If you've ever stood on a cold street late at night wishing desperately and hopelessly for a cab, Uber is the answer to your prayers. Its pricing model, which includes higher fares at times when demand peaks, is designed to make sure you get a ride whenever you need it.
But instead of seeing this option as heaven-sent, some riders damn the company as Satan's spawn. On New Year's Eve, Uber boosted its New York City fares nearly eightfold to ensure the supply of drivers needed to meet high demand. Some partygoers accepted the offer rather than take the subway, wave forlornly at occupied cabs or stagger home.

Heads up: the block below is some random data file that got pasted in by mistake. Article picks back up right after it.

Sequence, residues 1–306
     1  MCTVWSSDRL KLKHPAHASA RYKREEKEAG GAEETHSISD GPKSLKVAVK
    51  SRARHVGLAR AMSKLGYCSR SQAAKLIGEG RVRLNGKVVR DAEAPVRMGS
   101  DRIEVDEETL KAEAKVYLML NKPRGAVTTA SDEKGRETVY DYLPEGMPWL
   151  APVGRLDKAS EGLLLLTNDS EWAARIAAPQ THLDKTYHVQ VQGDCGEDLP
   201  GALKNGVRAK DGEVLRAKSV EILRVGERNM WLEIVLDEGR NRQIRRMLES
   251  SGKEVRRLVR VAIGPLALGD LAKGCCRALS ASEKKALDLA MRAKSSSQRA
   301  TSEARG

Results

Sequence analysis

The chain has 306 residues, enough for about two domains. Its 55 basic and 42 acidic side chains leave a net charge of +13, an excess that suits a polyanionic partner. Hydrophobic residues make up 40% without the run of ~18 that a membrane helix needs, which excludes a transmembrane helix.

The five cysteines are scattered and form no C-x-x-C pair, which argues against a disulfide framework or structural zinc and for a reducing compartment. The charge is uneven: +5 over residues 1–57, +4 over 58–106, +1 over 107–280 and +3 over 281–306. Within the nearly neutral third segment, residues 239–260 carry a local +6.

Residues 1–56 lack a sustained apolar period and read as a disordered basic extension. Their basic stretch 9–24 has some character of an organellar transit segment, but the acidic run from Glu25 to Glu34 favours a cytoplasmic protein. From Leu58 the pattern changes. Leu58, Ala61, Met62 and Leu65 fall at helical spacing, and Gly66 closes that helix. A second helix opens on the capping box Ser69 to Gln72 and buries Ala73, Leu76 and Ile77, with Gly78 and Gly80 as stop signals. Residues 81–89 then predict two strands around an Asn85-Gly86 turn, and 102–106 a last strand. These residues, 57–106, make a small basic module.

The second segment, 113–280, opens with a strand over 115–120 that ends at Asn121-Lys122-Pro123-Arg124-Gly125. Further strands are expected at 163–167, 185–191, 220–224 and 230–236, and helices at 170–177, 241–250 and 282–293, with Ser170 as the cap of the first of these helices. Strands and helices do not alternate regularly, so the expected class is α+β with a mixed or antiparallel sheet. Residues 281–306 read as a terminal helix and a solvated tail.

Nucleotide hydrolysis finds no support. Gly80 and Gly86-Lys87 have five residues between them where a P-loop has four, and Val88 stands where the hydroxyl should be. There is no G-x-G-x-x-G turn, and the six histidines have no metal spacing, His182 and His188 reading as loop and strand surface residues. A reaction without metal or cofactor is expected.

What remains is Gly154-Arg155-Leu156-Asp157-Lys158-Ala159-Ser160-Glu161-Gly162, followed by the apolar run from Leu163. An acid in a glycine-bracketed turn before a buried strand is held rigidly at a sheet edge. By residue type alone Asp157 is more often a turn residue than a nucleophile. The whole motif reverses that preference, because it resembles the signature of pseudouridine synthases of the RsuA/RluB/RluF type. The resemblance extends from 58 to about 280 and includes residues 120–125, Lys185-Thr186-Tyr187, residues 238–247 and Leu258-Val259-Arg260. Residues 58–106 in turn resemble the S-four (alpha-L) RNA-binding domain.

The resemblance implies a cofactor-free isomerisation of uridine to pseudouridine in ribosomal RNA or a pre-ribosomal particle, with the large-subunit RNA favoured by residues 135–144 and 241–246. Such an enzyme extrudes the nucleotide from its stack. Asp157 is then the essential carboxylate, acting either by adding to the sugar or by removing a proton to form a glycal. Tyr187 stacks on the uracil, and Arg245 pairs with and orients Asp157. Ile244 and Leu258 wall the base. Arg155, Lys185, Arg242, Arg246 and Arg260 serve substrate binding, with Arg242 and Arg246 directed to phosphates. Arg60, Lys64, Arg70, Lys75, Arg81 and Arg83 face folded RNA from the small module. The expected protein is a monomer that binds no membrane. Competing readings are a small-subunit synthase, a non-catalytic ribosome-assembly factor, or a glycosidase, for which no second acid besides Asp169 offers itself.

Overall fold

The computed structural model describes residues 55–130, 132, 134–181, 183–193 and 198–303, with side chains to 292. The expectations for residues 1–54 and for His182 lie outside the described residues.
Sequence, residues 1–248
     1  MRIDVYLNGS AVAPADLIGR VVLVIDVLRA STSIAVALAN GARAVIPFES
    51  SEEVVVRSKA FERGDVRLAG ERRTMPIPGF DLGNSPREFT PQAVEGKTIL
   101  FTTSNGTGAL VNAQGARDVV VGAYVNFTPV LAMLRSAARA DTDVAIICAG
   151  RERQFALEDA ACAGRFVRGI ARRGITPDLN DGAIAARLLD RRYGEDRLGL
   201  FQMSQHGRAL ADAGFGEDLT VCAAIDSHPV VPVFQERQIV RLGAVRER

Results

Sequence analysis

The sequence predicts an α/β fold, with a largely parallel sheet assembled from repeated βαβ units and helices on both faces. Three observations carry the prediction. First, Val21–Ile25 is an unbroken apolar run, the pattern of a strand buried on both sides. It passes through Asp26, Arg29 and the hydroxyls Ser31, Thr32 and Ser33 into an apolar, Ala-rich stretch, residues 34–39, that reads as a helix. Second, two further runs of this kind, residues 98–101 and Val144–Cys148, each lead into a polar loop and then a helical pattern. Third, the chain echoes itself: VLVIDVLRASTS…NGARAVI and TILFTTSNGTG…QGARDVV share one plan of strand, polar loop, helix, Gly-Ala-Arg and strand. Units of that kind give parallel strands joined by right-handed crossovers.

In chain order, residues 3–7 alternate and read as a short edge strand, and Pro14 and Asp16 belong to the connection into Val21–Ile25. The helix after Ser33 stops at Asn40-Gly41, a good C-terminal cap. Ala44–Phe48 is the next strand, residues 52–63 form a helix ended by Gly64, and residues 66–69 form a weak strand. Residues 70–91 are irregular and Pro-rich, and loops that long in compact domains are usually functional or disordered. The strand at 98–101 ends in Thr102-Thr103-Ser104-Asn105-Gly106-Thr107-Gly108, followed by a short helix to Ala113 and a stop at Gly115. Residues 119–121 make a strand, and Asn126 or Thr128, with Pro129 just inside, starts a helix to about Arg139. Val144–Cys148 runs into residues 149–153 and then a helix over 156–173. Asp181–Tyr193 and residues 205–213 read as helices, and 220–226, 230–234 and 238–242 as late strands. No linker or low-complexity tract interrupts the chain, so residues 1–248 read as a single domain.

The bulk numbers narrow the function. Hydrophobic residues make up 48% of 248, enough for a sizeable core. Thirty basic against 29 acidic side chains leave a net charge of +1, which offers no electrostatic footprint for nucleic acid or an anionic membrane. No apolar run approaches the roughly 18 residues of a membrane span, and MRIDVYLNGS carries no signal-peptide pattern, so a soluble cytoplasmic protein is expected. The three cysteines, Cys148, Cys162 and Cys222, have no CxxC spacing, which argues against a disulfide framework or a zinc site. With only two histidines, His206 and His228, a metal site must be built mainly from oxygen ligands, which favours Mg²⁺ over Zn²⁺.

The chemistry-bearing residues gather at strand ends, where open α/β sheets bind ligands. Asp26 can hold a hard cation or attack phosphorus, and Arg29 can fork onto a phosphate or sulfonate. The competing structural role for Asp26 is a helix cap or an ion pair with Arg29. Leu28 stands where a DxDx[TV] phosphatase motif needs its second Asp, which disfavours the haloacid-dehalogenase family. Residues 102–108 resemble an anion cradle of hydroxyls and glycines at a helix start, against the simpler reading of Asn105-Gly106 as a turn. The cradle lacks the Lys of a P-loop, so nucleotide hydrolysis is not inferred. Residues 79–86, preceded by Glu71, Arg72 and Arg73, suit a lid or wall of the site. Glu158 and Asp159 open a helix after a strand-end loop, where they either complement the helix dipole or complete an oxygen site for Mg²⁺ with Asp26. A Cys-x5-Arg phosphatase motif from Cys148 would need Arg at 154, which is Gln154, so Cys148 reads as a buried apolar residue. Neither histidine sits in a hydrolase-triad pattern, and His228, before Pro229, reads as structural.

"The public safety is at risk," said Illinois state Rep. Mike Zalewski, sponsor of a bill to impose statewide restrictions. "It makes sense to have a basic set of bottom-line regulations."
Does it really? The ride-sharing companies are creating a new market, which inevitably brings mistakes and failures on the way. But the only reason for their existence is the welfare of their customers. If they damage that, they endanger their own survival, writes Steve Chapman.